There is something you might not expect nestled within the small village of Tourouvre-au-Perche, in Normandy, France. They have just debuted the world’s first Solar Road. It is 1 Kilometer in length and contains photo-voltaic panels. It was developed over a five-year period by Colas. The solar road has been dubbed “wattway” and it will power all of the street lights in the village and expects to see around 2,000 motorists per day.
A solar Road consists of a number of rugged solar panels placed into a road surface. The panels themselves do not vastly differ from the Solar Panel you might see on a rooftop. To help protect these fragile panels from the weight of traffic they are encased by layers of many types of plastic to create a clear and durable case. The electrical wiring is then embedded into the road and an anti-slip surface of crushed glass is applied.
While the wattway in France is the world’s first solar road it is still small scale and will spend the next two years as a testing-bed for future projects. This is a point that has been picked up by Marc Jedliczka, the vice-president of Network for Energetic Transition who told Le Monde who has said that there are “other priorities than a gadget of which we are certain it’s very expensive”.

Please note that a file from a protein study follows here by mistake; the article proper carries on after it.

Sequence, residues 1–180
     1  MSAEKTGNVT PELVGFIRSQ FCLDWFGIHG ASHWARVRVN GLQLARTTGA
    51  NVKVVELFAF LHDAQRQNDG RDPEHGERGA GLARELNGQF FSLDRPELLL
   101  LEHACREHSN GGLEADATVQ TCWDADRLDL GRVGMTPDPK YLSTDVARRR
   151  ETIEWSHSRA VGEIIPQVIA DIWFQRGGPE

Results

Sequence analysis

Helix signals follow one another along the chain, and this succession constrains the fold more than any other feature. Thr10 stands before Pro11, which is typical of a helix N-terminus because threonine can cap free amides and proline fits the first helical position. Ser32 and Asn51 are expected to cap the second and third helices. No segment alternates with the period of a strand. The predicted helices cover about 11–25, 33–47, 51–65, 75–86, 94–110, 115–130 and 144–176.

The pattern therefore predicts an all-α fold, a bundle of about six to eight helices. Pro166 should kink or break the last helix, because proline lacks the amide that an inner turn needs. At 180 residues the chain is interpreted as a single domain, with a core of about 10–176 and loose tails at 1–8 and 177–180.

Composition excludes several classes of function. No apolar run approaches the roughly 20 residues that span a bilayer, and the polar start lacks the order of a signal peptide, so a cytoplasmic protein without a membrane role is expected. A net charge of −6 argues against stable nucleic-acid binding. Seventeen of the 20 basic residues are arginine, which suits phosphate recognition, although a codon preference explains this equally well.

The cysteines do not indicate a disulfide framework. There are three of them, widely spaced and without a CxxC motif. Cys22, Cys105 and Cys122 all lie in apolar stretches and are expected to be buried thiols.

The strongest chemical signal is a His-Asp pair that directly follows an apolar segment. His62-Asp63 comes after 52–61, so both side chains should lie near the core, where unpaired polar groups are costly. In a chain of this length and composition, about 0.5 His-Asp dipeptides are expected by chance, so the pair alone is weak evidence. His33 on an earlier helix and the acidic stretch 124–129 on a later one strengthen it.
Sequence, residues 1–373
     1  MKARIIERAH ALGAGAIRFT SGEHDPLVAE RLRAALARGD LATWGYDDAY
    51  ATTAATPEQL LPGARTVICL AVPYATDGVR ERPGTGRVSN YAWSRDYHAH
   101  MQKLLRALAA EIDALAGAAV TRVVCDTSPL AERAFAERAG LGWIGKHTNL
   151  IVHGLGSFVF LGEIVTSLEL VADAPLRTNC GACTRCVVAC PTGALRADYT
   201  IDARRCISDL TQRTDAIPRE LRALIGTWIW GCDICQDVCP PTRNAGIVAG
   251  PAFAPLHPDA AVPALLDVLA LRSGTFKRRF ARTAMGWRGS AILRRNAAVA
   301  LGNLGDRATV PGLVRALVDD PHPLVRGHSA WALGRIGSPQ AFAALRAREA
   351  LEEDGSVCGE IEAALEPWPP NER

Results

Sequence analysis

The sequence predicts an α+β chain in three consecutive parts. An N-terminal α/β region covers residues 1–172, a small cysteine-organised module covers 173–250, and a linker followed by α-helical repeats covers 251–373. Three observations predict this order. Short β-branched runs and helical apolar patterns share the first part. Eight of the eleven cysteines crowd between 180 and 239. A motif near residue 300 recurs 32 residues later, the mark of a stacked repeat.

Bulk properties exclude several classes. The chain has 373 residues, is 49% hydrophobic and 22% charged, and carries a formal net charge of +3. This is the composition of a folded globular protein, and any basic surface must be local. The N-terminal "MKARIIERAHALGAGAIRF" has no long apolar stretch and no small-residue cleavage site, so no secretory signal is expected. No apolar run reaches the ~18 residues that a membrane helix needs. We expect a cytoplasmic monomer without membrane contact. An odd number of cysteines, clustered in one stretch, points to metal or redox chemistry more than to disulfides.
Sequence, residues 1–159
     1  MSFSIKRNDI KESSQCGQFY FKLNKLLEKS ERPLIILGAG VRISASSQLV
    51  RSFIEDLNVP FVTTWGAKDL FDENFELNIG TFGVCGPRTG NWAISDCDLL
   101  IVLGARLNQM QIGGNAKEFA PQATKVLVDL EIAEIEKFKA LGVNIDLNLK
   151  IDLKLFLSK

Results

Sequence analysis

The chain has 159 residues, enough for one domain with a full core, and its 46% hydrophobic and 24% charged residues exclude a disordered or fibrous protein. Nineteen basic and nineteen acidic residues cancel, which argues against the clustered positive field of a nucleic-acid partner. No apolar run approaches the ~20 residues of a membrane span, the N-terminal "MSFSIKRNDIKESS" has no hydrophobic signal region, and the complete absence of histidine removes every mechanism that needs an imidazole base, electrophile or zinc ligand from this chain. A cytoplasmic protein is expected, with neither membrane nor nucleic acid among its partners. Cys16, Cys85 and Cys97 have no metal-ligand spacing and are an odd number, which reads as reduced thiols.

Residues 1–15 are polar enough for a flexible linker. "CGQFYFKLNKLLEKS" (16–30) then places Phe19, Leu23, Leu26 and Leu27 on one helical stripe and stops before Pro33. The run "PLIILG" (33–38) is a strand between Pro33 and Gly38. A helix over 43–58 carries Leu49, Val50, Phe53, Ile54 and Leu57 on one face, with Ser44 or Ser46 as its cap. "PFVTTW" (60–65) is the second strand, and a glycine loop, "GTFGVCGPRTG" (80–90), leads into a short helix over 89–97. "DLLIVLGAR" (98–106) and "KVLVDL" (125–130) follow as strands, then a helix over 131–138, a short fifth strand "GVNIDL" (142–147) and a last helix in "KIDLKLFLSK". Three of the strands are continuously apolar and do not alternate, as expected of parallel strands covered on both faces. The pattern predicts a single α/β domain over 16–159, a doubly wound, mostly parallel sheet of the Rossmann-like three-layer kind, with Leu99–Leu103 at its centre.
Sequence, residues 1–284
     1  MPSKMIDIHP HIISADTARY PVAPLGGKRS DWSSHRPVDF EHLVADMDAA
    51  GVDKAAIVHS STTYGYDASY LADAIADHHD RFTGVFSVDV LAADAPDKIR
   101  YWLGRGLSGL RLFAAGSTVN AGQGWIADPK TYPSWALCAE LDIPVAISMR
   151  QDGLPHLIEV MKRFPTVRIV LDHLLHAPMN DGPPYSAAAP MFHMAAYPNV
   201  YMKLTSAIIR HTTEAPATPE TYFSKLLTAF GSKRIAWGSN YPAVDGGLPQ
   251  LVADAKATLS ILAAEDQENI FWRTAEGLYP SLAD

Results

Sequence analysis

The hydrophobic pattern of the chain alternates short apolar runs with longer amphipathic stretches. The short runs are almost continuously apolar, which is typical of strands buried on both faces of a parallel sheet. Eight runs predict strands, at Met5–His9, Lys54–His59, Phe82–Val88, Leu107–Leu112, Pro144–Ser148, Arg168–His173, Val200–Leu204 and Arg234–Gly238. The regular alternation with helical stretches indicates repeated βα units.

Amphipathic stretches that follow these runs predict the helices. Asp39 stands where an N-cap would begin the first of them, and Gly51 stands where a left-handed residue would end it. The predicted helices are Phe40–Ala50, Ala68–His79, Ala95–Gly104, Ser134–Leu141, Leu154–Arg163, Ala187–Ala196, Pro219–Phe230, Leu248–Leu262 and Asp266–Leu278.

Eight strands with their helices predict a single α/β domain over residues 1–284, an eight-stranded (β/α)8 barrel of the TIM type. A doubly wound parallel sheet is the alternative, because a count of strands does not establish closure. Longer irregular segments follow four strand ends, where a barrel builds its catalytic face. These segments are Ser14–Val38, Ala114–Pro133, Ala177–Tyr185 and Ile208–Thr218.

As with any project focusing upon solar power, cost is one of the major factors preventing solar roads from going commercial. Each square meter of a solar road costs around €2,500 ($2,657.27) which means that the 2,8000 square kilometer installation in Tourouvre-au-Perche has cost a pretty penny at around €5,000,000 ($5,314,531.21).
On top of the financial costs there are concerns that solar roads do not have the durability to justify the high up-front costs. For example, many governments struggle to maintain their asphalt road infrastructure and would likely be hard pressed to find the resources to maintain a complex solar road. This problem will only be exacerbated on a major road with heavy traffic.
Advocates will argue that as the cost of photo-voltaic panels decreases and the scarcity of available land increases solar roads will look increasingly attractive and commercially viable but until that happens the worlds first solar road may well end up being the worlds only solar road.